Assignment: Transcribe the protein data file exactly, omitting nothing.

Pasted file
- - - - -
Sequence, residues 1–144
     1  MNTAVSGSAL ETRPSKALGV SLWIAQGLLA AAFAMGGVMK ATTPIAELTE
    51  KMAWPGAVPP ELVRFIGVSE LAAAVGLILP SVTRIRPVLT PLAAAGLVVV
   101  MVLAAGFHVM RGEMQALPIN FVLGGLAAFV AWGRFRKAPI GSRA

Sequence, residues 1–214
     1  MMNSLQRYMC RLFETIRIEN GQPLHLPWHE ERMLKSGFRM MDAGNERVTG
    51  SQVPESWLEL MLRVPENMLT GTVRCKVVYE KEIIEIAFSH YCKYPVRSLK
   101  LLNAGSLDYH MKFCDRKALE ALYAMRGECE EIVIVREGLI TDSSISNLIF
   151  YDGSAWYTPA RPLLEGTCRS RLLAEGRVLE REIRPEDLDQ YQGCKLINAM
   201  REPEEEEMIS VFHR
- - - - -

Sequence, residues 1–144
     1  MNTAVSGSAL ETRPSKALGV SLWIAQGLLA AAFAMGGVMK ATTPIAELTE
    51  KMAWPGAVPP ELVRFIGVSE LAAAVGLILP SVTRIRPVLT PLAAAGLVVV
   101  MVLAAGFHVM RGEMQALPIN FVLGGLAAFV AWGRFRKAPI GSRA

Sequence, residues 1–214
     1  MMNSLQRYMC RLFETIRIEN GQPLHLPWHE ERMLKSGFRM MDAGNERVTG
    51  SQVPESWLEL MLRVPENMLT GTVRCKVVYE KEIIEIAFSH YCKYPVRSLK
   101  LLNAGSLDYH MKFCDRKALE ALYAMRGECE EIVIVREGLI TDSSISNLIF
   151  YDGSAWYTPA RPLLEGTCRS RLLAEGRVLE REIRPEDLDQ YQGCKLINAM
   201  REPEEEEMIS VFHR